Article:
The terms of the 2012 agreement are far more financially beneficial to Uganda compared to the agreements made before 2008, a report by Global Witness, an Oil Advocacy Organization based in the United Kingdom reveals.
“Global Witness has seen two further oil contracts dated February 2012 between the UK-listed international oil company Tullow Oil and the Government of Uganda for Exploration Area (EA) 1 and the ‘Kanywataba Prospect Area’ located in EA 3A (henceforth the 2012 contracts).” Reads a statement in the report
According to the report, these contract areas are jointly owned by Tullow Oil Plc, giant state owned China National Offshore Oil Company (CNOOC) and French Oil Major Total E & P which have gone into partnership in Uganda.
The EA1 area is operated by Total3 while the Kanywataba area was operated by CNOOC until it was relinquished back to the Government in August 2012 after the company failed to discover oil in the area before its exploration licence expired
Much of the extraction of oil discovered to date will continue to be governed by pre-2008 PSAs. These contracts share many weaknesses with the 2012 PSAs as they are based on the same model.
The Report indicates that despite the improved financial terms the contracts still have significant weaknesses that need to be addressed. The contracts appear to lack some important human rights and environmental safeguards.” The Report notes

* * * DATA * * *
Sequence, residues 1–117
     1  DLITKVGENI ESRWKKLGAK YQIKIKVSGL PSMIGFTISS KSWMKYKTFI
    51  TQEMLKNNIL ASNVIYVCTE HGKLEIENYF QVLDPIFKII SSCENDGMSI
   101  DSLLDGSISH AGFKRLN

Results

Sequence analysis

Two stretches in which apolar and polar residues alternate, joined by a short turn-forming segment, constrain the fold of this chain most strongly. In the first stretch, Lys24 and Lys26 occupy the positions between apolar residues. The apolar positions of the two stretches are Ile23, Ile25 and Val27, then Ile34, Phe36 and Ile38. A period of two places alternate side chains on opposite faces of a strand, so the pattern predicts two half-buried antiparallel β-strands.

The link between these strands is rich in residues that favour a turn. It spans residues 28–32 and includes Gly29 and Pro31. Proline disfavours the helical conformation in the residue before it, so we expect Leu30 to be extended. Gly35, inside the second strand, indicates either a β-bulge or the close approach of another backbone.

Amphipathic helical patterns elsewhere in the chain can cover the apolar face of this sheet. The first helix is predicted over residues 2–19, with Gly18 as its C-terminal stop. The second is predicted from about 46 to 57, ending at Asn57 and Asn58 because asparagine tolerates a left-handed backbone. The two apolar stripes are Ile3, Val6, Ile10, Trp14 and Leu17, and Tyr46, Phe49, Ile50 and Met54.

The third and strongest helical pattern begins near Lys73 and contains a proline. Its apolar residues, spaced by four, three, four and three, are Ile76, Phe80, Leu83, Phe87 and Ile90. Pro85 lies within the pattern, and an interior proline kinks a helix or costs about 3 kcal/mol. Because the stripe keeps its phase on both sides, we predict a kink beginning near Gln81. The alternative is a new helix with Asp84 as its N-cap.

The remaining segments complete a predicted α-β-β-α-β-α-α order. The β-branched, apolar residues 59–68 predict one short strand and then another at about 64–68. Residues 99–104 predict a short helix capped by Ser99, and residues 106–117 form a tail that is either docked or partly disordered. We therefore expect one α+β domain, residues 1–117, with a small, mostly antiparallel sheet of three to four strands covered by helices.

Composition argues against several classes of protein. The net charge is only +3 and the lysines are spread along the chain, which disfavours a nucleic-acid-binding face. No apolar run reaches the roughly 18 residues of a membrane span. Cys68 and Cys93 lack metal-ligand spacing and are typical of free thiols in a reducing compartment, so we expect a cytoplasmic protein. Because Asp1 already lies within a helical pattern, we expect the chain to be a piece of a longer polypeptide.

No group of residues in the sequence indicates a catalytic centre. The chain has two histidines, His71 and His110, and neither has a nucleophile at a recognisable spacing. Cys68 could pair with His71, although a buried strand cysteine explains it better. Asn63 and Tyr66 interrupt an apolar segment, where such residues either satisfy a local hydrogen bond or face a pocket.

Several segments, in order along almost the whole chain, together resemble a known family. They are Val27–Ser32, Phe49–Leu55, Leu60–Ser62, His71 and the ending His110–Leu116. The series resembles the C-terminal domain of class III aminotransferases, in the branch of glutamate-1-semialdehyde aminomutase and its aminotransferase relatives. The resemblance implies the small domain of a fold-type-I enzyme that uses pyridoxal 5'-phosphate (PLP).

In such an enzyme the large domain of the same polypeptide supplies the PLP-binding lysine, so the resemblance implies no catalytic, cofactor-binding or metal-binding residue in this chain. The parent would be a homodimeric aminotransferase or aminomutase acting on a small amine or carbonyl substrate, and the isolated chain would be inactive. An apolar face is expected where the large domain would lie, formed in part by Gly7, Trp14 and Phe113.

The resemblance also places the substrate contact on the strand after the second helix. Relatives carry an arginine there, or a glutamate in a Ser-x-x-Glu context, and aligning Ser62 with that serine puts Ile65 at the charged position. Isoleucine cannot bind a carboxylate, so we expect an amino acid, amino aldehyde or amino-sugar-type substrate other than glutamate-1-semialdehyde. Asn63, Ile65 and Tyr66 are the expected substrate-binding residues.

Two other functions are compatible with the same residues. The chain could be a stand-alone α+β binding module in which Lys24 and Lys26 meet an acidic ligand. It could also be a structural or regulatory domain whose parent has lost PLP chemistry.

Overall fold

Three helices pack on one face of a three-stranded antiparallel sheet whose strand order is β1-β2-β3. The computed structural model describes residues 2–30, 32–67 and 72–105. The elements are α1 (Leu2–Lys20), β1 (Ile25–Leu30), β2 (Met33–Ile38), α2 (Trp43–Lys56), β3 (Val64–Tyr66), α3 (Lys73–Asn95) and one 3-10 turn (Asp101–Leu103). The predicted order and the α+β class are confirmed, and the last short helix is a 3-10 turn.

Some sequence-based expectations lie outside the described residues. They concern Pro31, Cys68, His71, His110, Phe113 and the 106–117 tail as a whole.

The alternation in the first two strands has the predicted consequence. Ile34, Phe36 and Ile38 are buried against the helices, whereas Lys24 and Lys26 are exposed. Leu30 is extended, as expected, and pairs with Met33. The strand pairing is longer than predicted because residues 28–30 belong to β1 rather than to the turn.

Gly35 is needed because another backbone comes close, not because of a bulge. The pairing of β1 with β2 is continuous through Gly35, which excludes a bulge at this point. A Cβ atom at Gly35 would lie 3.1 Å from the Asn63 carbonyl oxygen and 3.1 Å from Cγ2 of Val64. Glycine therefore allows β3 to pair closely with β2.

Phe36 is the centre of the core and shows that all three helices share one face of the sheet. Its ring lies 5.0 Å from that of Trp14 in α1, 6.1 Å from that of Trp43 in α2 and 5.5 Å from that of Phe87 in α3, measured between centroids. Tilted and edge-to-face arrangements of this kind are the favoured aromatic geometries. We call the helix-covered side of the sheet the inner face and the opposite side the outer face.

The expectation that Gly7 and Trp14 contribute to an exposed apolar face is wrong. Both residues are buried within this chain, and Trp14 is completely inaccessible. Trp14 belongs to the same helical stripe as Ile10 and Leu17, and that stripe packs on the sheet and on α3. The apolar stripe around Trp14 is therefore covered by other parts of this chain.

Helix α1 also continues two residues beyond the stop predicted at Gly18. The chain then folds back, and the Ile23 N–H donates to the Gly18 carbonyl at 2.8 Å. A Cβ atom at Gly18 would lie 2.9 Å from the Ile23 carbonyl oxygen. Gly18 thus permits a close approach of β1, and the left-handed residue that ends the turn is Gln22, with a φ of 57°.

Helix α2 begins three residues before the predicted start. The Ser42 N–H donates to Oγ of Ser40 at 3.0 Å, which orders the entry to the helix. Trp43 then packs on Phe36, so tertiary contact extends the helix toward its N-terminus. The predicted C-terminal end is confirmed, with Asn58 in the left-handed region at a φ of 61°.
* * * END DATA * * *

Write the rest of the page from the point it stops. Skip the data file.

This is of particular concern due to the unique habitats of the oil region in Uganda which sits on the DRC border and in an area through which the Nile River runs.
Indeed the improved financial terms in the contracts could earn the state hundreds of millions of dollars in additional revenue and secure the Government a very high percentage of the oil profits.
“This is positive, but there is a danger that any economic benefit will be undermined by detrimental social and environmental impacts unless better protections are put in place.” The Report argues
The Report highlights that there is no legal obligation on ministers to publish impact assessments, mitigation plans and other key information, resulting in Ugandans being kept in the dark about what has been agreed or how much money is being put aside for their protection. But even then, the confidentiality clauses in these contracts may prevent the Government from publishing such information.
“Gaps in the laws and now in the contracts risk leaving communities affected by oil drilling or pollution without the compensation that such communities need to rebuild their lives.” The Report asserts
Besides it is noted in the Report that the contracts make no provision for a conflict resolution mechanism to resolve disputes between communities, government and companies.
Apart from that there is no requirement in the PSAs or Ugandan law for companies to set aside funds for decommissioning at an early stage. This creates the risk that companies could ‘cut and run’ leaving the Government to foot the bill for rehabilitating extraction sites do not mention the unsatisfactory “cost recovery” provisions that could leave the Ugandan Government paying some of the bills for company lawsuits, even in disputes that involve Ugandan communities affected by pollution.
The only good news is that unlike the pre-2008 contracts which allow companies to seek compensation from the Government for any additional costs resulting from more robust environmental and social protection measures, the 2012 contracts do not.
Global Witness hopes that this report will provide useful guidance as the Government of Uganda develops a new “model contract” for future deals and further regulations for the sector, as prescribed by its new petroleum laws.